Frontiers in Psychology 07/2015; 6. DOI:10.3389/fpsyg.2015.01048 · 2.80 Impact Factor
  • Source
    • "Prior studies found support for a biased evaluation of memory performance in schizophrenia patients using these confidence level ratings (Danion et al., 2001; Moritz and Woodward, 2006b; Moritz et al., 2003, 2005; Peters et al., 2013). More recently, similar results have also been detected in studies regarding source monitoring (Gaweda et al., 2012, 2013) and social judgments (Köther et al., 2012; Moritz et al., 2012). A main bias seems to be an increased confidence in incorrect memories in addition to a decreased confidence in correct responses compared to healthy people and psychiatric controls (Moritz and Woodward, 2006b; Moritz et al., 2008; Peters et al., 2013). "
    [Show abstract] [Hide abstract]
    ABSTRACT: Prior studies with schizophrenia patients described a reduced ability to discriminate between correct and false memories in terms of confidence compared to control groups. This metamemory bias has been associated with the emergence and maintenance of delusions. The relation to neuropsychological performance and other clinical dimensions is incompletely understood. In a cross-sectional study, metamemory functioning was explored in 32 schizophrenia patients and 25 healthy controls. Metamemory was assessed using a verbal recognition task combined with retrospective confidence level ratings. Associations of metamemory performance with six neuropsychological domains (executive functioning/problem solving, speed of processing, working memory, verbal and visual learning, and attention/vigilance) and psychopathological measures were analyzed. Results revealed a significantly smaller discrepancy between confidence ratings for correct and incorrect recognitions in the patient group. Furthermore, patients showed significantly lower recognition accuracy in the metamemory task and marked deficits in all neuropsychological domains. Across all participants, metamemory performance significantly correlated with executive functioning and working memory. No associations with delusions were found. This data confirms prior findings of metamemory biases in schizophrenia. Selective neuropsychological abilities seem to be modulating factors of metamemory functioning. Longitudinal studies in at risk mental state and first-episode patients are needed to reveal causal interrelations. Copyright © 2014 Elsevier Ireland Ltd. All rights reserved.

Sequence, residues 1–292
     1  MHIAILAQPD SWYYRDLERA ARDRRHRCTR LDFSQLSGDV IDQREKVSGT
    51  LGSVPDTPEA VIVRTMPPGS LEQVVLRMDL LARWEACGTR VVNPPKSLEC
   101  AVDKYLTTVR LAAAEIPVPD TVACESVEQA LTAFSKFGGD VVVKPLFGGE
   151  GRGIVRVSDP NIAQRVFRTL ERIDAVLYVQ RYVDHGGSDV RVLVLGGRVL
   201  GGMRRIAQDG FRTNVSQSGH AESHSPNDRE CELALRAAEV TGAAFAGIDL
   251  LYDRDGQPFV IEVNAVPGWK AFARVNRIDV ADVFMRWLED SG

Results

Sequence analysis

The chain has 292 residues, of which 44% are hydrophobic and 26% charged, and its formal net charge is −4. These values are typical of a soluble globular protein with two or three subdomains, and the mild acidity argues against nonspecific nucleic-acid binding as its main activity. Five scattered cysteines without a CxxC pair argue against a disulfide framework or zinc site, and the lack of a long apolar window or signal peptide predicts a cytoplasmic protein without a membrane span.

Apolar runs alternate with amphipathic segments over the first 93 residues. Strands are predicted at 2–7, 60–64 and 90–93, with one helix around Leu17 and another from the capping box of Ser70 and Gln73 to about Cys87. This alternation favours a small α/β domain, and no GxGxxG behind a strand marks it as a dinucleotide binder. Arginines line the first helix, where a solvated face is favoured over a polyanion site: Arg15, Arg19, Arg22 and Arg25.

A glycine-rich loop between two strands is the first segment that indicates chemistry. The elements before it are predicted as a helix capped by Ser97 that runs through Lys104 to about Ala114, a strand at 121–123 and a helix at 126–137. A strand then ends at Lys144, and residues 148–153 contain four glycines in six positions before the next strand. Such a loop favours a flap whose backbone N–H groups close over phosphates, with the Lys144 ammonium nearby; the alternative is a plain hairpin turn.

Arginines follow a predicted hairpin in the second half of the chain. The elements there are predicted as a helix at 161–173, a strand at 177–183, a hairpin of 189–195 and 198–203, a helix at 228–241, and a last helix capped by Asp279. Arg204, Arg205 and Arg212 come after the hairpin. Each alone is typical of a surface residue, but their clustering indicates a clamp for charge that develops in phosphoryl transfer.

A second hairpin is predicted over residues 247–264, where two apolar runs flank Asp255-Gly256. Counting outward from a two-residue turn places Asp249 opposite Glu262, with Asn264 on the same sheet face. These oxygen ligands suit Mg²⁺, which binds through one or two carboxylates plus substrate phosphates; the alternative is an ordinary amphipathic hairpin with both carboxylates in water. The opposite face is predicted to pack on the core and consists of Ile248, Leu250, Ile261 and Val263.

Psychiatry Research 12/2014; 225(3). DOI:10.1016/j.psychres.2014.11.040 · 2.47 Impact Factor
Show more